We are at risk of losing the meaning of the word “crisis,” as each day brings forth fresh red-alert anxiety about some unmanageable, intolerable, unthinkable calamity. There are life-draining viruses spreading around the world without any detection or hope for a cure. There are bloody conflicts flaring up in regions we’ve never heard of before, and old conflicts flaring to new life. There is a palpable sense that both the natural world and the dark despicable side of human nature is rebelling against civilized life – threatening to draw us back into some medieval gloom.

Of course, feeling something and knowing something are different. We fear war and disease, but we have a fairly rational understanding of their causes and how to address them.  Broadly speaking, war and disease are two of the primary factors that caused humanity, slowly and with much sacrifice, to establish civil societies — not ever easily and in no case perfectly, but preferable in every way to the alternatives.

Apart from all the other peculiar, admirable, or aggravating tasks it chooses to do, preserving and promoting civil harmony is the foundation of the government we maintain and nominally endorse.  Now, it’s worth wondering whether it still can do that, or whether it is willing to do that.

I’m referring now to the “crisis” of illegal immigrants flowing into the U.S. from Central America: it’s not a crisis because it cannot be addressed but because it will not be addressed. The solution — to enforce the immigration laws as they exist and amend them as may be needed according to the general consensus — is not an available option because we do not have a government that performs its responsibilities so much as we have individuals who occupy offices in order to fulfill their own ambitions, or to agitate for their own causes. 

Early in my tenure as a business-to-business writer I learned the duality of the immigration issue: the faceless, nameless force animating “big business” wanted immigration to be simple and open, so that wage costs remained low. Individuals in business would express doubts about using human beings in this way, but the policy never changed much. The risks associated with open-borders — crime, specifically, but lately disease, espionage, and terrorism must be considered too — were always tolerable because law enforcement could be relied on to address the violators, and charities as well as general prosperity would help those harmed economically by the arrival of new workers.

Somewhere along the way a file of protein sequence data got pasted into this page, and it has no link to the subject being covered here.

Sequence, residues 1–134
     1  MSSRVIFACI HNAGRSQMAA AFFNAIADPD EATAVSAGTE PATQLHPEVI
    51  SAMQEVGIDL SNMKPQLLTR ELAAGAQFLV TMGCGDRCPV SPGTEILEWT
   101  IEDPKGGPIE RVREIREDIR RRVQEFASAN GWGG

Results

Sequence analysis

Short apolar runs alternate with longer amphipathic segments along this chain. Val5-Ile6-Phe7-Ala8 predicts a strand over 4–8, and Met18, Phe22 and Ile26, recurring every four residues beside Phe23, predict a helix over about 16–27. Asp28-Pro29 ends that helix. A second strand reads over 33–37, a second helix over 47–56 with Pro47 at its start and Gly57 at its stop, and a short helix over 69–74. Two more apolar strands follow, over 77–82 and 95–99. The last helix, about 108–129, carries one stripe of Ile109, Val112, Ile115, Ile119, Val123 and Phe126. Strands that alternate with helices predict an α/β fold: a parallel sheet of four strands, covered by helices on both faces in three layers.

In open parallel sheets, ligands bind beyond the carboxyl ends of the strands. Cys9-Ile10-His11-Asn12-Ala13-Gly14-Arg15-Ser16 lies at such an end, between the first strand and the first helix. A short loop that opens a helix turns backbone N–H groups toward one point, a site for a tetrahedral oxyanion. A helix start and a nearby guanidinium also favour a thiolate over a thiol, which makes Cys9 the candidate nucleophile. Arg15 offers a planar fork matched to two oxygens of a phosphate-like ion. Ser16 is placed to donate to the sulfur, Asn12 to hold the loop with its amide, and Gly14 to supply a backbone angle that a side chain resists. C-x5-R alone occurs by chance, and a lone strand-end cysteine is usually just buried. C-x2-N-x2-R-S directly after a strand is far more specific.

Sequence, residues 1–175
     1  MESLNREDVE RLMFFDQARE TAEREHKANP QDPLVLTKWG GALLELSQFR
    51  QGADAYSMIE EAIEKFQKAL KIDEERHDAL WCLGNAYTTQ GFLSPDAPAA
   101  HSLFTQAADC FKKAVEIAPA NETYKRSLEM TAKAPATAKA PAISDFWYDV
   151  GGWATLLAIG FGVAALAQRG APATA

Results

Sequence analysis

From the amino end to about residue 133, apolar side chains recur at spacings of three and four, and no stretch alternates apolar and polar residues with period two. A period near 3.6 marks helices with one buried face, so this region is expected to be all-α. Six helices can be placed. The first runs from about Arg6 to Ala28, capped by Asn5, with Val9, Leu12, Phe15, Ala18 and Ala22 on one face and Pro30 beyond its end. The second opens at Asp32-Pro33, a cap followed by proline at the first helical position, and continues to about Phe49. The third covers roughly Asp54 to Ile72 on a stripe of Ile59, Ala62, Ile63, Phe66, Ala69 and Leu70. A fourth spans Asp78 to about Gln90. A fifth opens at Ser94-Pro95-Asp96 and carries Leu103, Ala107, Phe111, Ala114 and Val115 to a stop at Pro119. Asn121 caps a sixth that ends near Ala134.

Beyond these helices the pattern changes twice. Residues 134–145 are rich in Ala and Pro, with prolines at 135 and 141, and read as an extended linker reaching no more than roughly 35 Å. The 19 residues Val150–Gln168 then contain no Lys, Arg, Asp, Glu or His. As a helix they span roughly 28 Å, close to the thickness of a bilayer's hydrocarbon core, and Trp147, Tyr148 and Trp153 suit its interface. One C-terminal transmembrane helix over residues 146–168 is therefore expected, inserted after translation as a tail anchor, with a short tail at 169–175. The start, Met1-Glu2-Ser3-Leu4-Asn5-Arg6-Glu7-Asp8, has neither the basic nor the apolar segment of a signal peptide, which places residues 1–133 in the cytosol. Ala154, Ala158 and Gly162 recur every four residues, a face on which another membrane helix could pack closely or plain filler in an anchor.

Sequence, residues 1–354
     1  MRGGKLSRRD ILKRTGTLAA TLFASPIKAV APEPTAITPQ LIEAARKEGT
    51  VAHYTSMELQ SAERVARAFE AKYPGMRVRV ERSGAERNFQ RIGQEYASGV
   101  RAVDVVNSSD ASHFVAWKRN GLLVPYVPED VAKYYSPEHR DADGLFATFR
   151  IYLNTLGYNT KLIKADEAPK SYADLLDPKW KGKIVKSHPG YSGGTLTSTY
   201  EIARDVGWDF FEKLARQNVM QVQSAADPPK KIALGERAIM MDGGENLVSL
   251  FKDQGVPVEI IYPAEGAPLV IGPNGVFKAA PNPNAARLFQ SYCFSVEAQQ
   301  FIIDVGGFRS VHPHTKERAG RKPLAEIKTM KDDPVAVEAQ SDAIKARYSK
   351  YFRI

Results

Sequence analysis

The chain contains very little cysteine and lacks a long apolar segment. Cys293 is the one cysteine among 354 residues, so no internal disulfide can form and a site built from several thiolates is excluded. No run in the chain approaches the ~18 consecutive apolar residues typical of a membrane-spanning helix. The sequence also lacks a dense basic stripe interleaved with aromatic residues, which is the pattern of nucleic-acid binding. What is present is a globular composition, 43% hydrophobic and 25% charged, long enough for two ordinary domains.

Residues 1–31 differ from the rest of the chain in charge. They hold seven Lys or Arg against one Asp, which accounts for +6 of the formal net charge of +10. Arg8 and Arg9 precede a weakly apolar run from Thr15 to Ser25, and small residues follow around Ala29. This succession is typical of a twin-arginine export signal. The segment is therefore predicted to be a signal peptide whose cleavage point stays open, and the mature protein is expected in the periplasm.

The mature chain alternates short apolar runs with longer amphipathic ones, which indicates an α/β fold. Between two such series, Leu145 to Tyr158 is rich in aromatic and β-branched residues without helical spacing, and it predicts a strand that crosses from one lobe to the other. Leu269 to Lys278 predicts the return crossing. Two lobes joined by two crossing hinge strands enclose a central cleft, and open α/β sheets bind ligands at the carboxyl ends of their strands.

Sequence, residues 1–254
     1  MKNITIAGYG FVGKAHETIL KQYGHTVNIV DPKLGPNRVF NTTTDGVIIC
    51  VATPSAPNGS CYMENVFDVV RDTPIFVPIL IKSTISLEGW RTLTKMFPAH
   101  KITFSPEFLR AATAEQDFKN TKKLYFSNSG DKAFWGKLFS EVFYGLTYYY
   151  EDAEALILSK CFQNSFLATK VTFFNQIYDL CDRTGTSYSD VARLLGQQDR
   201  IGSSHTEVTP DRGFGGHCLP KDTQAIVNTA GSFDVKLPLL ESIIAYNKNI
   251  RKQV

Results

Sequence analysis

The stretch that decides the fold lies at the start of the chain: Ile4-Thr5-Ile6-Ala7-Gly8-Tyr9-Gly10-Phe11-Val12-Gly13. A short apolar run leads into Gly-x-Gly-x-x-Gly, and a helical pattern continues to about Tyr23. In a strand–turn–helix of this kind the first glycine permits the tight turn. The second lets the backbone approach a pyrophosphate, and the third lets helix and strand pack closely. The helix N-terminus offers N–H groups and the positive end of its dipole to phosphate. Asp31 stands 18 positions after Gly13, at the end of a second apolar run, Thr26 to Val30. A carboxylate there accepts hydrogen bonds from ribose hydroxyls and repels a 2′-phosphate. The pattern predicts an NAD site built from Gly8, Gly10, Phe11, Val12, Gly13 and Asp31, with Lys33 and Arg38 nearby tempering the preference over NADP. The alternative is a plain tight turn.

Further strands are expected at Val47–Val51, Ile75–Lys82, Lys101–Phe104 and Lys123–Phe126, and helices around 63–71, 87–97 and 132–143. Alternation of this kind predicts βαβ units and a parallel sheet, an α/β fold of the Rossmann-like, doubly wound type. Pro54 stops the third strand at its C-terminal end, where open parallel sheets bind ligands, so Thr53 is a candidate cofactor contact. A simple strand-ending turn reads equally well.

Of course, there always has been a human price for this opportunism, though mostly it was paid by the immigrants’ own sacrifices. That is less true now, less true each day apparently, as the current level of economic expansion pales with that of past decades. The new arrivals don’t have the same opportunities for self-improvement they might have had a decade ago. Their arrival raises the opportunity cost to the current, underemployed workforce. What’s changed, mainly, is that labor cost is no longer the particular concern of “big business,” and yet all the serious risks of open immigration remain.

This does not change the immigrants’ need to seek a better, more civilized life for themselves, and we should not try to stop them from seeking it. But, they must accept the standards we are working to preserve and protect. Allowing them to arrive without such realistic hopes, without establishing reasonable expectations, and at the same time to escalate the associated threats to our own civil society, is cynical in the extreme. Authorities that choose the convenience of doing nothing while law and order dissolve are as much a threat to individuals’ security as crime and chaos, and that threat is increasing.